And you wonder why Jerome Larkin has a problem
Some Fourth Judicial District Court judges, who face claims for damages in a lawsuit filed in federal court by their peer Judge Sharon Marchman, filed pleadings Monday arguing they cannot be sued for acts of corruption or malice.
The four defendant judges making that argument are judges Fred Amman, Wilson Rambo and Carl Sharp as well as retired Judge Ben Jones, who now serves as court administrator, at Fourth Judicial District Court for Ouachita and Morehouse parishes. They are represented by special assistant attorney general Brian D. Landry, of Shreveport.
Those four judges are just a few of a handful of defendants who Marchman claimed violated her constitutional rights when she tried to expose the defendants’ concerted efforts to cover up law clerk Allyson Campbell’s alleged payroll fraud and document destruction.
In her lawsuit filed April 19 in U.S. District Court for the Western District of Louisiana, Marchman is seeking damages from the judges, Campbell, their attorneys as well as from former Attorney General Buddy Caldwell.
Many of the same defendants also were sued by Monroe businessman Stanley Palowsky III in Fourth Judicial District Court. Palowsky’s July 2015 lawsuit against Campbell and the judges detailed many of the same allegations that appeared in Marchman’s lawsuit. Marchman is represented in her federal lawsuit by attorneys Sedric Banks of Monroe and Joe Ward of Covington, who also represent Palowsky in his district court litigation.
“It is from this diseased root system of a state court action that Plaintiff Judge Marchman’s civil rights’ lawsuit arises, with even the same gardeners, in the form of Mr. Palowsky’s own attorneys seeking to tend the same noxious vines in this federal action,” stated a proposed memorandum filed Monday by the four defendant judges in U.S. District Court.
As of Tuesday afternoon, the four defendant judges were awaiting approval of their proposed memorandum since it exceeded the page count requirements under federal court guidelines.
In their proposed memorandum, the four defendant judges urged U.S. District Court Judge Maurice Hicks Jr. to follow the example of ad hoc Judge Jerry Barbera, of Thibodeaux, who dismissed Palowsky’s lawsuit against Campbell and the judges in November 2015 on the grounds of judicial immunity. At that time, Barbera ruled that judges and law clerks were shielded from lawsuits — even if they committed criminal acts — because they performed a necessary judicial function.
“The alleged cover-up allegations are the most egregious, as Plaintiff Judge Marchman is accusing the Defendant Judges of what constitutes essentially corruption,” stated the judges’ memorandum. “Although not specifically pled, there is also an undercurrent of implied malice, when Plaintiff Judge Marchman asserts her retaliation charge.”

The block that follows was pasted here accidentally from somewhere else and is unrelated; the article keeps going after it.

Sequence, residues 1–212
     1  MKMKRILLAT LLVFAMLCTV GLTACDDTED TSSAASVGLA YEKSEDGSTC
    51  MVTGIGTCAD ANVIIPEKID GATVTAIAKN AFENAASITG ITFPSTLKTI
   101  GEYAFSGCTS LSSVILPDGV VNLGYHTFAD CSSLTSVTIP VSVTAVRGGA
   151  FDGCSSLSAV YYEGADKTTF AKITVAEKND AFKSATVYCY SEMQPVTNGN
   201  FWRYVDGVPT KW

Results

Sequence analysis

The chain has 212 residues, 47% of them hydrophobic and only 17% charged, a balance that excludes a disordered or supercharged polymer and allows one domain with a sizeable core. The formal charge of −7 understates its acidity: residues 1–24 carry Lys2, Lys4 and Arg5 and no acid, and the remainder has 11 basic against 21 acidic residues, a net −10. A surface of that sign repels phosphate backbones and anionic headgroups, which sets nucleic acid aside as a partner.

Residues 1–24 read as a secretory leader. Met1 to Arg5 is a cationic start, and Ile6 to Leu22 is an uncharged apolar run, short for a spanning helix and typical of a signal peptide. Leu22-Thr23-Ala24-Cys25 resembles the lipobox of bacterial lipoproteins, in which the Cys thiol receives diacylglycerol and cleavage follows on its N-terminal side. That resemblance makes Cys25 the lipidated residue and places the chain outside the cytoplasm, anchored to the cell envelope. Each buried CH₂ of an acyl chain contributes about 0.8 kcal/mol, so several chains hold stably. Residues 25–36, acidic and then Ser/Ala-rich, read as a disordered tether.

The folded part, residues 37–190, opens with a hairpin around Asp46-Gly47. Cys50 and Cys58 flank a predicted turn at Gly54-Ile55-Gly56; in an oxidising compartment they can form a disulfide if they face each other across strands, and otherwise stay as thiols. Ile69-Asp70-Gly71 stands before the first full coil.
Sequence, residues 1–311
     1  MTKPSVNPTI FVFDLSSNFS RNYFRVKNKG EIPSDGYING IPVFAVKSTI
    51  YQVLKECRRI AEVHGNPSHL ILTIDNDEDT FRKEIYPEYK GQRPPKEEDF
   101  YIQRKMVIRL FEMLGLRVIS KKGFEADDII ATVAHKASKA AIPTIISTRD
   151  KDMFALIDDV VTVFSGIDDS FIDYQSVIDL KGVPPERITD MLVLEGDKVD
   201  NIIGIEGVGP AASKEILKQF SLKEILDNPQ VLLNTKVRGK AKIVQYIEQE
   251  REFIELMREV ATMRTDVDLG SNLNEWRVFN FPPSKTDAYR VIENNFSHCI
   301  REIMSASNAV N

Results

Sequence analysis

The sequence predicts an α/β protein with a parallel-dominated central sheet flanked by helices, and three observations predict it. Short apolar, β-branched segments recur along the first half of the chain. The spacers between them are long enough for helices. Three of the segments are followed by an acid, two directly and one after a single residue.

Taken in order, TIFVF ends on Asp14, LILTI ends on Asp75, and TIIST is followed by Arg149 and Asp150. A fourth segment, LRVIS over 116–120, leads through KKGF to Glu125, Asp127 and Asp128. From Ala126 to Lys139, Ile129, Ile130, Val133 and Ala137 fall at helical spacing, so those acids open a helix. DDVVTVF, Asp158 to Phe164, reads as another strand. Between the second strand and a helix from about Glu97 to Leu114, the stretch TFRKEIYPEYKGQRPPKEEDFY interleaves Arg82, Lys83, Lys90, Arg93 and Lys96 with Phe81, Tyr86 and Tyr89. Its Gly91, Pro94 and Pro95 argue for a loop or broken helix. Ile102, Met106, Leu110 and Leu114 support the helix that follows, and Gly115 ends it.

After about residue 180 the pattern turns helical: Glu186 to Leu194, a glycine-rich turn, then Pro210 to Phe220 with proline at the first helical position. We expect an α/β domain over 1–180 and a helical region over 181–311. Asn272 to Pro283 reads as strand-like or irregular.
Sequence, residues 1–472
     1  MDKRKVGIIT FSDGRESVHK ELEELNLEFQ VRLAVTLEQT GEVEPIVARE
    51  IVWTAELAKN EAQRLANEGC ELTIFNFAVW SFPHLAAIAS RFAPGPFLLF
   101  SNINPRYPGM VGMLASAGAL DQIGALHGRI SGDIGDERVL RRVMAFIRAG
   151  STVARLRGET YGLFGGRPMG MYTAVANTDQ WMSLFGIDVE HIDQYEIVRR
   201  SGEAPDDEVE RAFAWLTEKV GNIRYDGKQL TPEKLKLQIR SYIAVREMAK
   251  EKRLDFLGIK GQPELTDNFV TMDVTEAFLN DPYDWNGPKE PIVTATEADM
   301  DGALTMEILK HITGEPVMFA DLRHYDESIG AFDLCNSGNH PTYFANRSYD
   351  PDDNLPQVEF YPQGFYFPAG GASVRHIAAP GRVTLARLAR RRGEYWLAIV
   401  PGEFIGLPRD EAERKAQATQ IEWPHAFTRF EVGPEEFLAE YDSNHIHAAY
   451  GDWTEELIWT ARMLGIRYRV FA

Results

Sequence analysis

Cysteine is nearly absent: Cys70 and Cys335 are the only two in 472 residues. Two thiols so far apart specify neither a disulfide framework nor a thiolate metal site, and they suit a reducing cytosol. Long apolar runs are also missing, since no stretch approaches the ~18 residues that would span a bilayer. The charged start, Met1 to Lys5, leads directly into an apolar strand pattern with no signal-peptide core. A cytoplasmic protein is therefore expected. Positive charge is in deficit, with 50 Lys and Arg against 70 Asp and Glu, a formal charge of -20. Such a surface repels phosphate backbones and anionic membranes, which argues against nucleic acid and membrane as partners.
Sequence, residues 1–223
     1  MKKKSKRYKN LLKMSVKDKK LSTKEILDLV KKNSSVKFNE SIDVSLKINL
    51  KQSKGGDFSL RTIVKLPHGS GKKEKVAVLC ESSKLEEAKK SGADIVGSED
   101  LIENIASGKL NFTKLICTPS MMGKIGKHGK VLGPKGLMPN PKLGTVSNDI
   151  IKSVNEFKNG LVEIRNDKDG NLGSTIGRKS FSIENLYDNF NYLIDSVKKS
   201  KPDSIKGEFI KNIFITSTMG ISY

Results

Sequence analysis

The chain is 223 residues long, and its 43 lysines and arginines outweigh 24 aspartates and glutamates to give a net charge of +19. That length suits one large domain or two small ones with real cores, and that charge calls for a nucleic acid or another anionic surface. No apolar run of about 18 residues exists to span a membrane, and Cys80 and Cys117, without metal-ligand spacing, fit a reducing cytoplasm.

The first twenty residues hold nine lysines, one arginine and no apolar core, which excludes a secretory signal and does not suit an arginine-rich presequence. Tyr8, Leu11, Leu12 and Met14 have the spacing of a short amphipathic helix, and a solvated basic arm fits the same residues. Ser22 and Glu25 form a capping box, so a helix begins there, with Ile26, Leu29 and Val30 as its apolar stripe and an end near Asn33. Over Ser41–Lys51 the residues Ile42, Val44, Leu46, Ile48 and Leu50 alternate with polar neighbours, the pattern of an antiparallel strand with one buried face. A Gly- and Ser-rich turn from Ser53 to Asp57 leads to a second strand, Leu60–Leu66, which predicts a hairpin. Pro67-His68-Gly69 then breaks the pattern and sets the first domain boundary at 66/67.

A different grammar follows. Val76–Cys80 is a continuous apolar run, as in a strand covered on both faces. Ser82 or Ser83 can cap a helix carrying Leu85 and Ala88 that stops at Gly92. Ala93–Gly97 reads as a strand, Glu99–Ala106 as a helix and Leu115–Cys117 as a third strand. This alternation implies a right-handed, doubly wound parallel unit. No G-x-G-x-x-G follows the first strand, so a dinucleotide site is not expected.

“However, acts of corruption or malice, even if true, do not affect absolute judicial immunity,” the judges added.
The defendant judges argued further that a U.S. District Court judge must set “all its experience and common sense aside (to) find some viable constitutional claim” in Marchman’s lawsuit. If that happened, the judges were still protected under judicial immunity, they argued.
The defendant judges claim Marchman, like other judges of the court, did not believe any crime had been committed when allegations first surfaced that Campbell had committed payroll fraud. That matter was discussed during a personnel committee meeting among Fourth Judicial District Court judges, but Marchman didn’t ask an outside authority to investigate, the judges said.
“… (Marchman) did not recommend referral of the payroll issue to any law enforcement or prosecuting authority for investigation or prosecution,” the judges’ memorandum stated.
The defendant judges argued Marchman’s claims that her constitutional rights were violated can be boiled down to frustration with other judges who did not agree with her administrative recommendations concerning Campbell.
“Plaintiff Judge Marchman may truly be a pariah, or an outcast among her peers, but that status appears to be of her own making, and not the actions of the Defendant Judges,” the judges’ memorandum stated.
Marchman’s claim that her free speech rights as a private citizen were violated rings false, the judges argued, especially since private citizens do not generally enjoy the right to participate in the judges’ personnel committee meetings.
“For whatever reason, Mr. Palowsky, Plaintiff Judge Marchman, and their attorneys do not like this law clerk,” stated the judges’ memorandum. “Further, Plaintiff Judge Marchman is unhappy with her judicial colleagues’ decisions concerning the law clerk, even to the point where Plaintiff Judge Marchman moved for discharge of employment, and none of the other 10 members of the bench would allegedly second her motion.”